How Much Do You Know About Visual Acuity?

When everything is working well, we tend to take our eyesight for granted, so much so that if eyesight does deteriorate and we suffer mild vision loss, it can be overlooked. It is important to understand variations in eyesight to know when it is time to seek medical help, or if anyone is having vision problems, what the impact of that means to them in terms of support. The way we define that is by visual acuity.

It’s a phrase you may have heard, but it is also something that can be confusing to understand. Let’s start at the beginning.

What is Visual Acuity?

what is visual acuityVisual acuity is simply the way we describe the ability to see fine detail and differentiate objects both close by and at a distance. If you have great visual acuity, individual objects will have sharp, clear outlines that are easily seen. Poor visual acuity will mean that objects will have fuzzy outlines and at a distance tend to blur into each other.

Even if you are not sure what visual acuity is, you have probably heard its measurements being used before. 20/200 vision is an example of the way visual acuity tests measure vision loss, and in this case, 20/200 would signify low vision that could be categorized as legally blind.

To get to those measurements, an eye chart test is used. This allows the fast, consistent assessment of vision health, with the ability to see and recognize ever smaller letters and symbols on the chart providing accurate information about each person’s sight. By using these standard charts, when we think about how to measure visual acuity there is an easy-to-understand guide. The score is a result of how far down the chart, and therefore how small the letters and symbols, an individual can clearly read.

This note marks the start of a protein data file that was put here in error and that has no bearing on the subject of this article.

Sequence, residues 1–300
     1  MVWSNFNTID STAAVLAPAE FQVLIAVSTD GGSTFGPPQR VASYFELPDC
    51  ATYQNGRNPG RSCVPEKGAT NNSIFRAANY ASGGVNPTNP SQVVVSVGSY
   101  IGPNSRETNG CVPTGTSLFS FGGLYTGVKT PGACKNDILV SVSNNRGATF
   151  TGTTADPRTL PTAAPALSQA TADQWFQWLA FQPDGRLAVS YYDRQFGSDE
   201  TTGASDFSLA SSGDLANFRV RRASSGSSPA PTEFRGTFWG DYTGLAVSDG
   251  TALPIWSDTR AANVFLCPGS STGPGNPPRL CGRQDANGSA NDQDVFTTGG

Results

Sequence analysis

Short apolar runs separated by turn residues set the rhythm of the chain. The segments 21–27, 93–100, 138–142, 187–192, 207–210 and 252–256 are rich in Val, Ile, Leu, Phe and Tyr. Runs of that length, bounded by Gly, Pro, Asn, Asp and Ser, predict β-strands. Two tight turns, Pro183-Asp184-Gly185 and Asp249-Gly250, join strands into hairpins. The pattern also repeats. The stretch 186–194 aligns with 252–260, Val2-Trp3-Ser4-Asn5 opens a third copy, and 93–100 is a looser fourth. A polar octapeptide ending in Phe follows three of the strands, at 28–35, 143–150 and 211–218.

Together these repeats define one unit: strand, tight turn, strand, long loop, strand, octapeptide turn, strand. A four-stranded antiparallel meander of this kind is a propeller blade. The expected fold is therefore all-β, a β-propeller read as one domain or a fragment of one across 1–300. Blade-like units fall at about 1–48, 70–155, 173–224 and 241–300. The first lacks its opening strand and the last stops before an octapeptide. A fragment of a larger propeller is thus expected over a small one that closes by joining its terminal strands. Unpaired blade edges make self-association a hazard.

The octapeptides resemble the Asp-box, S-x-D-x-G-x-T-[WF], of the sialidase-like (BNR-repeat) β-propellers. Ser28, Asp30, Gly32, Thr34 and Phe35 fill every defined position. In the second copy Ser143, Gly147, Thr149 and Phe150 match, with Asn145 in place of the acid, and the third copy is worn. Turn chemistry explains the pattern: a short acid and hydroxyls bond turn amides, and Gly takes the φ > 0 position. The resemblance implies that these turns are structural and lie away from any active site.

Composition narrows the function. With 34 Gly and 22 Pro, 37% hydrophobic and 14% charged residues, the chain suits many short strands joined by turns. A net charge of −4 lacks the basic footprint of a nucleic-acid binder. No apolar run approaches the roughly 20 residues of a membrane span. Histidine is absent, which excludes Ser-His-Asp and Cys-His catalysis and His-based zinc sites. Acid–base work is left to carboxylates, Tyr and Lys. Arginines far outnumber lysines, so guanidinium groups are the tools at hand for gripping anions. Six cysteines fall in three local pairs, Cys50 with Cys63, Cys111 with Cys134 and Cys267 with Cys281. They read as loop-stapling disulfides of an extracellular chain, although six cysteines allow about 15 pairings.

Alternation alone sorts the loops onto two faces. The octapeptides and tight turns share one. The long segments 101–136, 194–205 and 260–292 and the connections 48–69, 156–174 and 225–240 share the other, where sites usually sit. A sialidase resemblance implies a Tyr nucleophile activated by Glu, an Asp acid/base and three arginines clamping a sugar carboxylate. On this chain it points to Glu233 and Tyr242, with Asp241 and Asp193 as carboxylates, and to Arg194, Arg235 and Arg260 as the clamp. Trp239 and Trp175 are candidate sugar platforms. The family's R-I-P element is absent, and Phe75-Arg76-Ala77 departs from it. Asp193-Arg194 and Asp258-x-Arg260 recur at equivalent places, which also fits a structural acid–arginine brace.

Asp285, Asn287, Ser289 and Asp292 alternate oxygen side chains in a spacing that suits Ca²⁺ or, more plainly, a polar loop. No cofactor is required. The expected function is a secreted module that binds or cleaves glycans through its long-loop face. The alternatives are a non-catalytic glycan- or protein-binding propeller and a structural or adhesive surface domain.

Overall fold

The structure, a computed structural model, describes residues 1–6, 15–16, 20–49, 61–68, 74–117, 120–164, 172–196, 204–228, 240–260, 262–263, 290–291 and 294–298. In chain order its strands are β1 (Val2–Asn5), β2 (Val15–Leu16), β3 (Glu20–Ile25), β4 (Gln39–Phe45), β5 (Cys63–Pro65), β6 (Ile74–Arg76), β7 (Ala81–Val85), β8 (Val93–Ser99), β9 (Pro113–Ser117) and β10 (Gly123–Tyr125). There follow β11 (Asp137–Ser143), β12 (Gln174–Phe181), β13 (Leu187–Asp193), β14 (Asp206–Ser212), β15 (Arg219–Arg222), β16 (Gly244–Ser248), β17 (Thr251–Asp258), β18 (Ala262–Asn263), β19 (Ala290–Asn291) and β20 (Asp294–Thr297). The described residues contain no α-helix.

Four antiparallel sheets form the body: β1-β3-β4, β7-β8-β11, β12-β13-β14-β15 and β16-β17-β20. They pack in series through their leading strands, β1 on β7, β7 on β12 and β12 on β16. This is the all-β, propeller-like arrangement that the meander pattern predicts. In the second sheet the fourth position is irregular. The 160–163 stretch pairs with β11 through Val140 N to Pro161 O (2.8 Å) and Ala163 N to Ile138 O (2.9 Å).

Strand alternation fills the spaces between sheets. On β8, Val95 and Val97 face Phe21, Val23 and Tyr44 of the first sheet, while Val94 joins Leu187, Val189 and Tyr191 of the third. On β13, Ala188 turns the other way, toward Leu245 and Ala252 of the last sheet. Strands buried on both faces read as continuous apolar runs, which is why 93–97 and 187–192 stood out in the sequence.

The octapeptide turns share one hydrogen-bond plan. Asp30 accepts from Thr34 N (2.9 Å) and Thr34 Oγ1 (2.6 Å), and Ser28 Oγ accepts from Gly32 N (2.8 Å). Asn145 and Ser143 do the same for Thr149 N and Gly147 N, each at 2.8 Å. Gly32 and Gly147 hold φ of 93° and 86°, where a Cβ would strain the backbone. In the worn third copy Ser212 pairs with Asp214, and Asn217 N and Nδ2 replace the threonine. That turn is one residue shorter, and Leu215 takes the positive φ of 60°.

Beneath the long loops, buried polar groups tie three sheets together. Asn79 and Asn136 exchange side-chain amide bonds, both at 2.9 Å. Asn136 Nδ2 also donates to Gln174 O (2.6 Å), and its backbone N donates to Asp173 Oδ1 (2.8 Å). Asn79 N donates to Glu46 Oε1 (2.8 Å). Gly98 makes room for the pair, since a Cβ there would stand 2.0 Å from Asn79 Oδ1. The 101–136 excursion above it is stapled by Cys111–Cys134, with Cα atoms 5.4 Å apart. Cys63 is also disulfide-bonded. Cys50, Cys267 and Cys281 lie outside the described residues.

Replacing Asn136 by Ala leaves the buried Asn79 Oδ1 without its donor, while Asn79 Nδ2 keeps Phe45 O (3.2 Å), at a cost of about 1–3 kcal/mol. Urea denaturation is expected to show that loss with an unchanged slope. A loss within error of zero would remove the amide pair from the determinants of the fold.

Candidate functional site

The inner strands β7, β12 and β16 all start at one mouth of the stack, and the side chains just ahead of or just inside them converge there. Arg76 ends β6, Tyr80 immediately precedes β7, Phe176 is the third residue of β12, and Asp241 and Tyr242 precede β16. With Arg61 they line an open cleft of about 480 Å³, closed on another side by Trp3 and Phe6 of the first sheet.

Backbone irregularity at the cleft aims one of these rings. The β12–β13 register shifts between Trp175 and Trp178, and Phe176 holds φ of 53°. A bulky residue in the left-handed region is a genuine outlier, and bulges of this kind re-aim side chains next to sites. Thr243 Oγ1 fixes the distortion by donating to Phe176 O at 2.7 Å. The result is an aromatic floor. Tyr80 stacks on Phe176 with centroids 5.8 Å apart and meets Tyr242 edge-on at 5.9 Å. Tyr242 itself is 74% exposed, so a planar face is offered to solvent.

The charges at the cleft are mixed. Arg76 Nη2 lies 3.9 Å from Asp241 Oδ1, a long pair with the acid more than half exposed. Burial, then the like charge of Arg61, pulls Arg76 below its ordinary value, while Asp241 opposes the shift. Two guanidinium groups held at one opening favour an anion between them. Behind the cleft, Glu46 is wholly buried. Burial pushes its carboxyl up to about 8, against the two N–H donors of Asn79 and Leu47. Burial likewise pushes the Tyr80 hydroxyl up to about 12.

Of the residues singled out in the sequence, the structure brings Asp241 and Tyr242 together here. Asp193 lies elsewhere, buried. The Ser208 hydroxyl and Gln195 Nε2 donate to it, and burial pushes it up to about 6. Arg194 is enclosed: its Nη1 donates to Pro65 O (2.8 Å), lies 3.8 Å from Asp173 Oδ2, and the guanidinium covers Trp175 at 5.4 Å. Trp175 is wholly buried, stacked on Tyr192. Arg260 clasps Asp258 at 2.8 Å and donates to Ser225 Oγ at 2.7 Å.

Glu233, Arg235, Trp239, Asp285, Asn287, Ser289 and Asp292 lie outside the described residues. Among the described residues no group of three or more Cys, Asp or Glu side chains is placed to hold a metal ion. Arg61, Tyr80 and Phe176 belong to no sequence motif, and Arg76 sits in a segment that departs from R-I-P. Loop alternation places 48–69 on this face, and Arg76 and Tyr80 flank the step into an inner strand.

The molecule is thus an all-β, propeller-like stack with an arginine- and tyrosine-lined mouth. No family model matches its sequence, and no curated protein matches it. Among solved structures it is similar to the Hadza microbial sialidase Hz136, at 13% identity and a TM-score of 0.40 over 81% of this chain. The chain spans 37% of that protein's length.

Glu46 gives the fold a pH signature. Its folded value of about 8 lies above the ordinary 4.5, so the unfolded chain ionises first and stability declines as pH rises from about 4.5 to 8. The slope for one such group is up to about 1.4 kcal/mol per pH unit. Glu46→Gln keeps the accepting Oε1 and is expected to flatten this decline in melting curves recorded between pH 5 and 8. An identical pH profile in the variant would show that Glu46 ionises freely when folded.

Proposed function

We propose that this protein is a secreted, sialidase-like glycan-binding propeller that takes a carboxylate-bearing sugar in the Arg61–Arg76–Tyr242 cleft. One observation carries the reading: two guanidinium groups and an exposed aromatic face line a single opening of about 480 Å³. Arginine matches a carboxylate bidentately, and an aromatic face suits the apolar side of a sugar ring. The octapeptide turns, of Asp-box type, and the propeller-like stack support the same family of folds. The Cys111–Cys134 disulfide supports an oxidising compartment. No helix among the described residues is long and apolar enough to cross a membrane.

Through this, we have a standardized measurement of vision loss that covers the effects on vision health of any number of conditions, injuries and so on. While vision problems tend to affect each individual differently, having this approach means that there is common understanding of the extent of problems anyone is suffering, and what that means in terms of ability.

How do Visual Acuity Tests Work?

eye chart to test visual acuityIn their simplest form, visual acuity tests involve a patient reading an eye test chart from a specific distance. They use a standardized chart, with the most commonly used chart known as the Eye Snellen Chart. It contains a series of rows of letters, going from one large letter as the first row, with each subsequent row featuring more letters in a smaller size. Another frequently used chart is the random E test. Here, the chart uses a capital E that is facing in various directions makes up each row, with the same principle that the test sees how far down the chart, and how small the letters, the patient can read. This random E chart is often used with small children or anyone who struggles with identifying letters as an alternative to the Snellen chart.

Patients stand 20 feet or 6 meters away from the chart, cover one eye and then read out the letters in each row. Once they have completed the test with one eye, it is repeated with the other eye covered. Each row of letters on the chart corresponds to a visual acuity score when read from a distance of 20 feet or 6 meters. The first row is 20/200, then 20/100 and so on down to 20/10. The last row the patient is able to read fully is their visual acuity score.

While an eye exam is usually carried out by an optometrist, they can also be administered by a general practitioner, despite such tests strictly being part of optometry. In all cases, the standardized charts and distances mean that test results are trusted and reliable. This is the case even in locations where the 20 feet distance is an issue. If it is not possible to stand that far away from a chart, mirrors are used to simulate the distance effect, allowing any facility to provide the established test and achieve results that are comparable to any other eye chart test.